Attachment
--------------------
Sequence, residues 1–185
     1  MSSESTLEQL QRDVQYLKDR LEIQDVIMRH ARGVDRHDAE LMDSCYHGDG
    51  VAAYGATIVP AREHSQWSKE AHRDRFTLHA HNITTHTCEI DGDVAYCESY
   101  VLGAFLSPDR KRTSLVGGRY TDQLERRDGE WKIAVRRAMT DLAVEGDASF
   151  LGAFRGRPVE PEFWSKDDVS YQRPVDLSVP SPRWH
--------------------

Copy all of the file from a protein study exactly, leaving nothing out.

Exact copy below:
Sequence, residues 1–185
     1  MSSESTLEQL QRDVQYLKDR LEIQDVIMRH ARGVDRHDAE LMDSCYHGDG
    51  VAAYGATIVP AREHSQWSKE AHRDRFTLHA HNITTHTCEI DGDVAYCESY
   101  VLGAFLSPDR KRTSLVGGRY TDQLERRDGE WKIAVRRAMT DLAVEGDASF
   151  LGAFRGRPVE PEFWSKDDVS YQRPVDLSVP SPRWH